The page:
If you asked most any woman what their #metoo moment was, you’d likely wait while they paused to mentally sort through the (often-time) instances where they’d been sexually harassed, inappropriately touched/grabbed or worse – assaulted. I’ve spent 15+ years in a corporate environment and I have had conversations with more women than I’m comfortable writing down who have all had #metoo moments.
Some of these women describe in detail their moment while others brush it off because they’re still trying to process it – even though it could have taken place a decade ago. Regardless of the “newness” of the moment – it happened. And growing up in a corporate environment you’re taught early on, by women sometimes (!), to keep your head down and your mouth shut unless you want HR or your coworkers looking at you. That sentiment has been incredibly present throughout every conversation I have had with a peer, a colleague or a friend; that in order for us as women to survive the corporate environment, it’s best we mind our own business, ignore what happens to us and to keep on keeping on. Ruffling feathers only gets you in hot water.
The #metoo movement hasn’t done jack shit to improve the working conditions some women have to endure each day. All it has come down to are revelations that exposed high-profile, high-powered men (some in Hollywood and in the media), who had been predators for years. To many, this was shocking news, but none of it was shocking to me, nor the women I’ve been fortunate enough to call my tribe and my sisters in the field. To us, this was business as usual. Modus operandi. And we’ve seen it play out for years and we’ve watched companies protect their own, so why would it be any different in Hollywood or the media? Please.
It consumed the American public for a minute and then everyone stuck a heart decorated Band-Aid on it, shoved a lollipop in our mouths and moved on. It’ll heal quickly, I’m sure.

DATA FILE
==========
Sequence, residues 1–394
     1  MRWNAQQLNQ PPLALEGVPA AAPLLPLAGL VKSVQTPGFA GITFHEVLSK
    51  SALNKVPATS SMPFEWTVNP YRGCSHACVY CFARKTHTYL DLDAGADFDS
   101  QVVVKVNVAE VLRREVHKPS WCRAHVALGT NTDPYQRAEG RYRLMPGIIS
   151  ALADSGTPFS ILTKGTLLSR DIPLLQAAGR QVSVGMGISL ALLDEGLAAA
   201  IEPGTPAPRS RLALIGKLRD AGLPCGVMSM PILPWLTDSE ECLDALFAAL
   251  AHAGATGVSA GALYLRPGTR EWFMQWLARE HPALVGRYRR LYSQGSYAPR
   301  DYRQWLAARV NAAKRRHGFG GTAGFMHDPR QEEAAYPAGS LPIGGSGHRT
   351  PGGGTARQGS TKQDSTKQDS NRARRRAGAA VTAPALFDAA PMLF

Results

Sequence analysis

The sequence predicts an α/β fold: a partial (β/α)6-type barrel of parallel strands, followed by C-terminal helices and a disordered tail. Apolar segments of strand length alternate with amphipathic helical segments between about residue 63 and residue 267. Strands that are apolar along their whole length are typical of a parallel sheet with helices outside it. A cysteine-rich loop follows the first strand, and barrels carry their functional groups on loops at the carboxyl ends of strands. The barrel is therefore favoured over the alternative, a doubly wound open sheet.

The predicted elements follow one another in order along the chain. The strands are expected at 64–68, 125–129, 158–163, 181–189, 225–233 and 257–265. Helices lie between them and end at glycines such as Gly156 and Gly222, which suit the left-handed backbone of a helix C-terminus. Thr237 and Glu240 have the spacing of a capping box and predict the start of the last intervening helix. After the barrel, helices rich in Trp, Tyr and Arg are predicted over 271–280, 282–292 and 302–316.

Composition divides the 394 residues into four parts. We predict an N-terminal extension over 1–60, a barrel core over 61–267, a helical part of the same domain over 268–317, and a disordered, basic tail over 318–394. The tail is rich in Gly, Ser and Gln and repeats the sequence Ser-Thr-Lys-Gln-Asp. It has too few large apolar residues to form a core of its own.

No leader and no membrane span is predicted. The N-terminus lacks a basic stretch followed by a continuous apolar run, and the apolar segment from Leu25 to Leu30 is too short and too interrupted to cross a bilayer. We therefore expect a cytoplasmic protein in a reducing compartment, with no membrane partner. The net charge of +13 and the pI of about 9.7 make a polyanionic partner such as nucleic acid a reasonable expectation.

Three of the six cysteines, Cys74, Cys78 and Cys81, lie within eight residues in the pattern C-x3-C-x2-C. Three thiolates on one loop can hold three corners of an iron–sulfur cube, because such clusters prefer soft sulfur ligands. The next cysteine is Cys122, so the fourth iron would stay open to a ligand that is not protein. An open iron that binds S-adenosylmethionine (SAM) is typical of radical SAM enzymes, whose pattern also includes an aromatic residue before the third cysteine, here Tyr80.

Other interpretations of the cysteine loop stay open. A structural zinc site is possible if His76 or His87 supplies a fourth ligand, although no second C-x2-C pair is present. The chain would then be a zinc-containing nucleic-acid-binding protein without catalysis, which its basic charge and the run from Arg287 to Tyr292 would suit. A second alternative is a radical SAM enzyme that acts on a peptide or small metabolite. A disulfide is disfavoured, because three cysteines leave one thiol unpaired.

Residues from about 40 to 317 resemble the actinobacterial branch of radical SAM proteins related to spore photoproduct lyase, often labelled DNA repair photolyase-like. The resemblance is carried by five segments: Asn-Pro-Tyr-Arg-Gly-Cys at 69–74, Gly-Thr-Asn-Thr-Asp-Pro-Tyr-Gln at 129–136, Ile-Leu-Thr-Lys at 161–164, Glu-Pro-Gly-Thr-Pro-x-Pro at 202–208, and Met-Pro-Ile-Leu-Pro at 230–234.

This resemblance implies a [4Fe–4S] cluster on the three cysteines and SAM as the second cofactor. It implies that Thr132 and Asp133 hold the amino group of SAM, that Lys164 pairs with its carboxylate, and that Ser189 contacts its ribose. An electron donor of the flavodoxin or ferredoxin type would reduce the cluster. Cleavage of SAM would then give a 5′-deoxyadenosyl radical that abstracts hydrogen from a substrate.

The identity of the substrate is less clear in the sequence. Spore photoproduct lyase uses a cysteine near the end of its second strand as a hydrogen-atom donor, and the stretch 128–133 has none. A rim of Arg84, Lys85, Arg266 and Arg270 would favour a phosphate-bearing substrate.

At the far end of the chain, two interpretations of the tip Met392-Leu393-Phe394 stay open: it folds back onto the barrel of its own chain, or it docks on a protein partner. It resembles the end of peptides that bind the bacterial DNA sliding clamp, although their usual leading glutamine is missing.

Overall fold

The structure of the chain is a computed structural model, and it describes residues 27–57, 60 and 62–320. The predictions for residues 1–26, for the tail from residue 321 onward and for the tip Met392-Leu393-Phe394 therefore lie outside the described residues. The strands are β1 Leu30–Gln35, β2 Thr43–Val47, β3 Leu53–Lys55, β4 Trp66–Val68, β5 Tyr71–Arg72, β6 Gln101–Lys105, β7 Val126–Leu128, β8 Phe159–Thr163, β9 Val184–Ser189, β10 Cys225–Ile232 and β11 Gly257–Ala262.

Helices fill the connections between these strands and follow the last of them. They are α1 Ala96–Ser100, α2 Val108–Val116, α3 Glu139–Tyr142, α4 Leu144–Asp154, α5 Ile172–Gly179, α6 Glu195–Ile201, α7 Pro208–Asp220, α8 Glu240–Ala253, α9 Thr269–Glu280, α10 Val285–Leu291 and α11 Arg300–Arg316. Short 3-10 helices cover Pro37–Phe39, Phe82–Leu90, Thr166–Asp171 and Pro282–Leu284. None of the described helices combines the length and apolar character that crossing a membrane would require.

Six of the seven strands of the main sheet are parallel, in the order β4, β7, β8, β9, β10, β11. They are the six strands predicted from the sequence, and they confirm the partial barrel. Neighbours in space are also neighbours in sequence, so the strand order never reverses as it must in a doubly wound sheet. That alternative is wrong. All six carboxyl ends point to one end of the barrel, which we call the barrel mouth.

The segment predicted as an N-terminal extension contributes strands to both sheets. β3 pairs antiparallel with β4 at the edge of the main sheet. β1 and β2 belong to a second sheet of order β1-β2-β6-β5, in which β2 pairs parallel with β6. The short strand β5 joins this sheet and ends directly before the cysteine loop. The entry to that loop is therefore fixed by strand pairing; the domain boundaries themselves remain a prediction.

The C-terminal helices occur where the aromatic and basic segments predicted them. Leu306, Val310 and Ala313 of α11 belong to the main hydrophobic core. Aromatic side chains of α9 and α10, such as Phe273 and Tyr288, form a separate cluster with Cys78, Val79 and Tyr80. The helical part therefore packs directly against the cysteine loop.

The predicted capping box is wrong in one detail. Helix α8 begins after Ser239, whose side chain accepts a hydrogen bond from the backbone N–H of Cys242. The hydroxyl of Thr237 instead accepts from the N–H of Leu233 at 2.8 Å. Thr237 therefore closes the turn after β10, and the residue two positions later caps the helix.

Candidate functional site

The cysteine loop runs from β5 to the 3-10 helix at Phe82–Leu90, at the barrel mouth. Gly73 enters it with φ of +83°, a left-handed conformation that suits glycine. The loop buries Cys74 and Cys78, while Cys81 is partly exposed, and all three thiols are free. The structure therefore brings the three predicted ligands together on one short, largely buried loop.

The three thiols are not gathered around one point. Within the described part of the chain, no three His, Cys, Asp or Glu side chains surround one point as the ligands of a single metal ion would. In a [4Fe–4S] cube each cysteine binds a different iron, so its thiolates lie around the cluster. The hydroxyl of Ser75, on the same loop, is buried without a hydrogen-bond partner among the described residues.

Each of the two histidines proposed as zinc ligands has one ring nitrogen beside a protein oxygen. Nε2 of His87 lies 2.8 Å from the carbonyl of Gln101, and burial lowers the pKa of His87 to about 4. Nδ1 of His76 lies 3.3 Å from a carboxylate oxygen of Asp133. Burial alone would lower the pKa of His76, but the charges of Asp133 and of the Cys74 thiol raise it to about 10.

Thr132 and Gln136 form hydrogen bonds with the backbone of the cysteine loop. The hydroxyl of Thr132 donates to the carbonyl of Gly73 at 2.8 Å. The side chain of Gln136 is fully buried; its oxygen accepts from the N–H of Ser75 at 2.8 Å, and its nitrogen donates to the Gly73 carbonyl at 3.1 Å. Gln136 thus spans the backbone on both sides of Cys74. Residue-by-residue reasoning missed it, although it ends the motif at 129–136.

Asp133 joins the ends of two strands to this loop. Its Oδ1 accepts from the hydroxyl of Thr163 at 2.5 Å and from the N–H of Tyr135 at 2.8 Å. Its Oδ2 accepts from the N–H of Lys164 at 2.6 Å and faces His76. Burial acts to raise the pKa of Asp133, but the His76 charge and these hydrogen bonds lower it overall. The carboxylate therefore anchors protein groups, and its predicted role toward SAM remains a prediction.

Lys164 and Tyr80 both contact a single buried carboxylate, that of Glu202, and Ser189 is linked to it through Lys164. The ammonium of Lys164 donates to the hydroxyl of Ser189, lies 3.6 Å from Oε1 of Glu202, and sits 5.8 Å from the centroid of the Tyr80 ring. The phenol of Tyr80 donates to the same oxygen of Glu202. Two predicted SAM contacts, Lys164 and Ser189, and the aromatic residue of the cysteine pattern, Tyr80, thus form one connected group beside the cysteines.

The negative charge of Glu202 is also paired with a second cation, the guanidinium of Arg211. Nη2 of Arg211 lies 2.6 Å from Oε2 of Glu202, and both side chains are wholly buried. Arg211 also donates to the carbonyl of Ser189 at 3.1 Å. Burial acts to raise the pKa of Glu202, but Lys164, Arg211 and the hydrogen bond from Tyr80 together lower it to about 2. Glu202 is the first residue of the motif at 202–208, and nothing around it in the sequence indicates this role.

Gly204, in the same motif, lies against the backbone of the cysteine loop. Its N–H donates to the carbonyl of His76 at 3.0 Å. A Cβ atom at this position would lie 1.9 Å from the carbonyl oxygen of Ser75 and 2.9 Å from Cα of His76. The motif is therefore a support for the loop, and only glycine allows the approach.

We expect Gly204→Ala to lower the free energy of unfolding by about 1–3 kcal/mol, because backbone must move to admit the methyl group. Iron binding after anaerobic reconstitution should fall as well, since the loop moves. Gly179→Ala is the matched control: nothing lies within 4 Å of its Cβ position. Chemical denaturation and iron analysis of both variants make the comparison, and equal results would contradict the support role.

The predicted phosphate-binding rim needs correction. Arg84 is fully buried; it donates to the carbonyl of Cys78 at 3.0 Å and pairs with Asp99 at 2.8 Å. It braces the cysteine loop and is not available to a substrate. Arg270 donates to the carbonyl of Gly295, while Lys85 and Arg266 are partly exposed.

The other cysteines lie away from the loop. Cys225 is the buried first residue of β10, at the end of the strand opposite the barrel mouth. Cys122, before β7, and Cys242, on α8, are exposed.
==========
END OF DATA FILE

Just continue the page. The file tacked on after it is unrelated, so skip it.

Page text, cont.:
When the genesis for this blog began, I had just successfully come through one of the most difficult working situations I’d ever been in, yet little did I know that later that same year I’d be faced with my very own (BIG) #metoo moment that would completely change me as a woman; a wife, a mother, a daughter, a friend, a mentor, a manager and a person. To this day it haunts me in ways that unfortunately by now I had hoped would have passed or at least subsided due to the fact that time does – at least pretend to – heal all wounds. But it is still there, ever present in my mind; sometimes consuming my thoughts as the replay of it all takes over my attention span and suddenly it’s like watching a horror movie where you know something bad is going to happen, you’re just not sure when the exact moment is that you should be ready to jump.
I’m not ready to openly discuss my #metoo moment. (I know, that’s what this thing is for, right?) Maybe one day. I’ve shared my story with those closest to me – and some of those not so close, out of necessity. It involves a lot of pain, a lot of hurt and fear and a lot of things I’m just not ready to discuss to anyone outside of my therapist and my husband. But it happened. And just like the countless amount of women I have talked to about this “issue”, there is this idea or perception that because we’re not flaunting our moment on a t-shirt or being vocal about it, it must mean that we’re okay, that we have moved on and that we don’t care about it anymore. Trust me, we do.
We don’t need a fucking Band-Aid and a lollipop. What we need is change.
Today, I’ve scratched the surface – but the goal is to dig deeper. We don’t have to do that by dissecting every single tiny detail about the time our boss or coworker decided it was okay to put his hands where the sun doesn’t shine. Those moments are valid and valuable, but even if we aren’t ready to that there is still so much to discuss, that we need to discuss in order to make change. That is what this is for – ways in which we can be a part of the culture that truly does change the way our society views harassment and assault. It doesn’t only exist in the workplace – that is just what resonates with me the most because of what I do in my career.
So let’s do this. Let’s help each other as women, as mothers, as sisters in this tribe…we’re all in this shit show called life together, so we might as well make the best of it.
– Confessions of a Corporate Mom
*thank you to my fabulously awesome (and badass female) neighbor who so kindly helped me edit this to make my voice be heard, a little more grammatically correct. 🙂
**I would love to hear your story. I have been working to compile stories from brave and empowered women who wish to share and I’d love to share yours as well so that together, we can have this open dialogue, help heal each other and to know we’re not alone in this fight. Please email me at: email@example.com if you would like to anonymously or openly share your story.
#metoo #confessionsofacorporatemom #empoweringwomen #harassment #change #tribe